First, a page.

logo

Reboot Indian Agriculture

Agricultural policies need urgent modification, especially in taxing domestic producers.

Reboot Indian Agriculture

The ambitious reform agenda under implementation since 2014 in India, if carried forward without modification, may push the country into great trouble. The country is going to be the world's most populous country within ten years and, by 2050, even China's population will be only around 65 per cent of India's. Demand for food will rise sharply putting great pressure on agriculture and food supply in the country. This stark reality cannot be allowed to terrorise the people of the country; neither should it be allowed to veil under the deceptive data of 'fastest growing economy', 'doubling farmers' income', et al.

It is true that some changes in the agriculture and food policy of the country have been affected during the last four years under the Modi government, but they remained cosmetic against the enormity of the requirement. With sustained improved access to inputs such as fertilisers and seeds, as well as better irrigation and credit coverage, agriculture production has been increasing on an average at about 3.6 per cent annually since 2011. But, it is still far below the decadal population growth rate of 17.64 per cent.

Diversification of agriculture has lately necessitated and been largely driven by evolving demographics, urbanisation and changing demand patterns in the country, rather than being affected by policy initiatives of the government. It is more likely to create distortions in the production of staple food – such as rice and wheat – a shortfall of which may create havoc. People are diversifying mindlessly from grains towards pulses, fruit, vegetables and livestock products. There should be a balance somewhere in the production chain. We also need more rice and pulses to feed our people, along with agricultural produce. It is here that good governance is needed to push growth in the production of all crops and food items, as against a pattern of lopsided growth at the cost of grain production.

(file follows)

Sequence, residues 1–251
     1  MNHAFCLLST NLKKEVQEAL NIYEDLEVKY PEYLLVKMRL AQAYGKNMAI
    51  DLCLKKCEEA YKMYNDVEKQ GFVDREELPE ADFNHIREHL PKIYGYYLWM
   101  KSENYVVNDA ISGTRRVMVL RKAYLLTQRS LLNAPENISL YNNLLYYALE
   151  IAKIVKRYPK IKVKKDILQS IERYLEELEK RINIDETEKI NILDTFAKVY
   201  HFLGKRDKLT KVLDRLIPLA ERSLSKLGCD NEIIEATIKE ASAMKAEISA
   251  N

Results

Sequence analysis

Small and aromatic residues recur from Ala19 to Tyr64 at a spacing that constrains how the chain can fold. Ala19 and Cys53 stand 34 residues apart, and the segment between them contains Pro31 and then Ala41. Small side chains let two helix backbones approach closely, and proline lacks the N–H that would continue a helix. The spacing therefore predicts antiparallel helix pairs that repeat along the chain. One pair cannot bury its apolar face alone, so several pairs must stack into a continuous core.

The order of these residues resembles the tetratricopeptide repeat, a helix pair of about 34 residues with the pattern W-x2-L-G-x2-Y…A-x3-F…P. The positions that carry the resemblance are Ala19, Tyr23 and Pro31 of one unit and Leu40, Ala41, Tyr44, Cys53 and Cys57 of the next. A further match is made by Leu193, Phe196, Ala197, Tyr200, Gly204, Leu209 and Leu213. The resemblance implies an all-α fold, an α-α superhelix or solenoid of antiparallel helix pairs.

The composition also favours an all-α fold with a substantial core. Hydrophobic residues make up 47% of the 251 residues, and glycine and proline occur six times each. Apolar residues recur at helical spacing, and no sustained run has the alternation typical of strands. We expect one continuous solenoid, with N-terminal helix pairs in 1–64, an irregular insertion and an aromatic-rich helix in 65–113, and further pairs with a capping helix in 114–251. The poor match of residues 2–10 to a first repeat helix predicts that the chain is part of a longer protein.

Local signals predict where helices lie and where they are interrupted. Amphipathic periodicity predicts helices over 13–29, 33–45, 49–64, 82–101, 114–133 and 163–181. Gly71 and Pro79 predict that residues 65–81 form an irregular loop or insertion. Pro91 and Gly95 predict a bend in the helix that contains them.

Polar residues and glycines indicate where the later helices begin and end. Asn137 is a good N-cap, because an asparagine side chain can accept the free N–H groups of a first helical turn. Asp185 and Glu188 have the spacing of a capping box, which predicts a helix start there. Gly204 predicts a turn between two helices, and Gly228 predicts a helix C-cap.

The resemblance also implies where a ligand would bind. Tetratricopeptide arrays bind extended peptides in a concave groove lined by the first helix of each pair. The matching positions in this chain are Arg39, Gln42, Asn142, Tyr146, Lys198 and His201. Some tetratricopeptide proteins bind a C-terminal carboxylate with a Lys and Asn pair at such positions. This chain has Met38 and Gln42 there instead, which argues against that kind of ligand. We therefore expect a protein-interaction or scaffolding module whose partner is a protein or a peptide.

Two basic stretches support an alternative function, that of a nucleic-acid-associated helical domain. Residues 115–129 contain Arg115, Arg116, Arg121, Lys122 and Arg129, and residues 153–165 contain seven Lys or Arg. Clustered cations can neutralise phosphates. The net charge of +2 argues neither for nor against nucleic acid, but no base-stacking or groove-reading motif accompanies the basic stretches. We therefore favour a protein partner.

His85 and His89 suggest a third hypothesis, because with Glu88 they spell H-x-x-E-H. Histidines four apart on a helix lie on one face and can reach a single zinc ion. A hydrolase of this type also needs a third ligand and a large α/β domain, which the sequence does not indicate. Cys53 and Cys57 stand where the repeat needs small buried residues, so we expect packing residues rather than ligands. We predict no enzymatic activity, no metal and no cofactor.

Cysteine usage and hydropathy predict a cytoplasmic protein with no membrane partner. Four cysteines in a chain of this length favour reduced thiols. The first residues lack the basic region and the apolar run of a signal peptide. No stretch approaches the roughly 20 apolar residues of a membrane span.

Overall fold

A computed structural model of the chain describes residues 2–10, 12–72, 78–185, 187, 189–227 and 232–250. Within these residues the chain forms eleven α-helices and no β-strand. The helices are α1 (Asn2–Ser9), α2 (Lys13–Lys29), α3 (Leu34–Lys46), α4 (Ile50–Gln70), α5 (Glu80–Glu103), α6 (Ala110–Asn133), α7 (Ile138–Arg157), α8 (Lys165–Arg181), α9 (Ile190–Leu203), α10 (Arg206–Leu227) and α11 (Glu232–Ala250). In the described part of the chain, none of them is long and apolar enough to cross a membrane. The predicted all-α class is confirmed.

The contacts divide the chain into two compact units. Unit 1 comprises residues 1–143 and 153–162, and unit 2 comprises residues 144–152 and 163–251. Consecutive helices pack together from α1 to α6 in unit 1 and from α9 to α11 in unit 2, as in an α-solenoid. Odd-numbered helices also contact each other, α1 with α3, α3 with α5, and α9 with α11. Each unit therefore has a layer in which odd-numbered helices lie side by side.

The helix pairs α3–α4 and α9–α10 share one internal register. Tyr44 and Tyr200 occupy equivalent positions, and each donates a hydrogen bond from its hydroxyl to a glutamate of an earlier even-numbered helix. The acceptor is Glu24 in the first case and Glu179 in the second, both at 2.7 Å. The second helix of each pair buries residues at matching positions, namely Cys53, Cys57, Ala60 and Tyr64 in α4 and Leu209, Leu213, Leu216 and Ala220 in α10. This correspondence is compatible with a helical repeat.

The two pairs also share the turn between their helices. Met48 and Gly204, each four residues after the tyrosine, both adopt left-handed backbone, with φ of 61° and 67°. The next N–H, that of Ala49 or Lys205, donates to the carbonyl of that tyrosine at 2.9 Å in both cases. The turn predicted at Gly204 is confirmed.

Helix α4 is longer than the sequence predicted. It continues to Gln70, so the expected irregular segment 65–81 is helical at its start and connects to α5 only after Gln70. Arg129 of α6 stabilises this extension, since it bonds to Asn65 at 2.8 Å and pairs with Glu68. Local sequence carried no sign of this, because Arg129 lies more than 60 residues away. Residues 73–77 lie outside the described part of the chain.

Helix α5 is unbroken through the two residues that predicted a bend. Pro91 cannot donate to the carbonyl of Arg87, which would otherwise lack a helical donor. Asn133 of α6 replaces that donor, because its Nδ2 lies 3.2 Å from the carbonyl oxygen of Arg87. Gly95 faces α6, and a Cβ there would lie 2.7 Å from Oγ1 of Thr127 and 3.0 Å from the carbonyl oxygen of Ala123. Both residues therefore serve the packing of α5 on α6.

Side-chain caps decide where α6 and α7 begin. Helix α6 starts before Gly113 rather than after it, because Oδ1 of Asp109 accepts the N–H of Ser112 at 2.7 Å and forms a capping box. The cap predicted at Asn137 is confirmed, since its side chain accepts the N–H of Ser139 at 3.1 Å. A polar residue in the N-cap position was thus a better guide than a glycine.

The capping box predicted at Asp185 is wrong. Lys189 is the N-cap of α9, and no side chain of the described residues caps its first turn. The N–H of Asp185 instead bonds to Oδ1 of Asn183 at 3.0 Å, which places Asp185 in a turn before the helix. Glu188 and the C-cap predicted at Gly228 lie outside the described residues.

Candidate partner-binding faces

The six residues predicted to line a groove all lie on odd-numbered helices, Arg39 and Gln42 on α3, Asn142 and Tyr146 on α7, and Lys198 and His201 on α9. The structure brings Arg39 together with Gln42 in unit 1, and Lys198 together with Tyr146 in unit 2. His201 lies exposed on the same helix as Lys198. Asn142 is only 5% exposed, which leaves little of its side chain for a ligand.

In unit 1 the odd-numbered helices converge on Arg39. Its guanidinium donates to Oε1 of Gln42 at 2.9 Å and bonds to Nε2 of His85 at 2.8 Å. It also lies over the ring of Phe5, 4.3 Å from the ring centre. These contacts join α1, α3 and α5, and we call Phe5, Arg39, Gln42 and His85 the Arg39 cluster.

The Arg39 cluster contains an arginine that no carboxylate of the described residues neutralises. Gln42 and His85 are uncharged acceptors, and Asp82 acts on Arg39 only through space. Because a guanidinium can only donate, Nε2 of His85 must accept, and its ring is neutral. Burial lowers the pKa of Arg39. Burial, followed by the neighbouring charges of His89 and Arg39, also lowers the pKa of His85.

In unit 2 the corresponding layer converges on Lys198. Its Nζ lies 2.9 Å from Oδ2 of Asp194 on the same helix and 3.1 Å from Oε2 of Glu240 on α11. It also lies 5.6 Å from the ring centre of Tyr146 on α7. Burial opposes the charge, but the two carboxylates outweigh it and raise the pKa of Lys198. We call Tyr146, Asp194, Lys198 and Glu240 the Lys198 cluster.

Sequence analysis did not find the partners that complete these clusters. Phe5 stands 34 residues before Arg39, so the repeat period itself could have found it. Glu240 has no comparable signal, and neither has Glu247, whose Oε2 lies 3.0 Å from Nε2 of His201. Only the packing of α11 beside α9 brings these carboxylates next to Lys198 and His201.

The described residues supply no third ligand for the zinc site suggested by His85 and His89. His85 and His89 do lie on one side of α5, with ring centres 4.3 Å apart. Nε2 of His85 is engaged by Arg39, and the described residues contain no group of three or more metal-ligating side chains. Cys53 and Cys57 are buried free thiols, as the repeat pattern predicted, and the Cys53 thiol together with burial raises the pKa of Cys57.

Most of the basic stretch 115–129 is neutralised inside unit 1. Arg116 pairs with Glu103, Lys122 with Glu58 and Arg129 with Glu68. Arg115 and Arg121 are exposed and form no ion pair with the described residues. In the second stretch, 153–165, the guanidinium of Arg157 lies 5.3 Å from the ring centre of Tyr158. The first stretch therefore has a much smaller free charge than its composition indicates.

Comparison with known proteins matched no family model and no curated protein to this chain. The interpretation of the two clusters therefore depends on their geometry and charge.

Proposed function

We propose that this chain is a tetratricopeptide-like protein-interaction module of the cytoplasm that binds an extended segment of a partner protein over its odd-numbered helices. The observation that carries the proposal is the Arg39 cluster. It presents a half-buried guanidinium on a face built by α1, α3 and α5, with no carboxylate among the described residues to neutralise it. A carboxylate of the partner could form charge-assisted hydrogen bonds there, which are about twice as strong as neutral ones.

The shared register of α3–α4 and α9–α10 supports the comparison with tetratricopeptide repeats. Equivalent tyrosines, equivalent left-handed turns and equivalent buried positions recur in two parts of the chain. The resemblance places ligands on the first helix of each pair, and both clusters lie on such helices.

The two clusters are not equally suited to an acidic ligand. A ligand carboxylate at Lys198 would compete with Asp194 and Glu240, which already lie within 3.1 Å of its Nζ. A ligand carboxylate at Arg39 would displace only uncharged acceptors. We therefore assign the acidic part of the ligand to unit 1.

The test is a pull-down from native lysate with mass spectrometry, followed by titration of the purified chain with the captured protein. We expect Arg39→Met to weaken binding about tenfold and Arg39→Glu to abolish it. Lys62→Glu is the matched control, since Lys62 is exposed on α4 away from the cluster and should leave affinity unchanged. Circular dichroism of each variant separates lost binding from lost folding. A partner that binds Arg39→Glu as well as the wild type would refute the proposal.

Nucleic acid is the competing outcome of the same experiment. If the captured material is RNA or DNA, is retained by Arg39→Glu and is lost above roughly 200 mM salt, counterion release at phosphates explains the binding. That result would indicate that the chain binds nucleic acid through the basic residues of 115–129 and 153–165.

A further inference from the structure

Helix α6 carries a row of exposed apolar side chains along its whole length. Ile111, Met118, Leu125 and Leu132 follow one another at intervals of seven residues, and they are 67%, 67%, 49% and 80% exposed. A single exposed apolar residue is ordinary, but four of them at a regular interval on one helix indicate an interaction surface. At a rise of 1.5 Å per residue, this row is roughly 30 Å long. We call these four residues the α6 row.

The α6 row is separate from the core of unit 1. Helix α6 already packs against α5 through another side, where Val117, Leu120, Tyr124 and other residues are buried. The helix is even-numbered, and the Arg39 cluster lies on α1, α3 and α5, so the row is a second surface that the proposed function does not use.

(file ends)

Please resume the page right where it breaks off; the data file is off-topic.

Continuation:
During the last four years, nothing equivalent to the Green Revolution of the 1960s-70s, which led India to self-sufficiency in food grains at the national level, has been rolled out. In the next step, we were to ensure food self-sufficiency at the household level, a dream yet to be realised. Today, the challenges in agriculture and the food sector remain alarming and we are not left with much time to address them successfully before we encounter the spectre of food insecurity in the near future.

The major challenges we are facing today are the prevalence of very large numbers of smallholders, low productivity, Climate Change, pressure on natural resources such as water, persistent food insecurity, and an under-developed food processing and retail sector. Among these challenges, Climate Change has emerged as the most dangerous element which may affect a reduction of 15 per cent in agriculture production in the country. The government knows this but is yet to plan and implement effective measures to handle this challenge.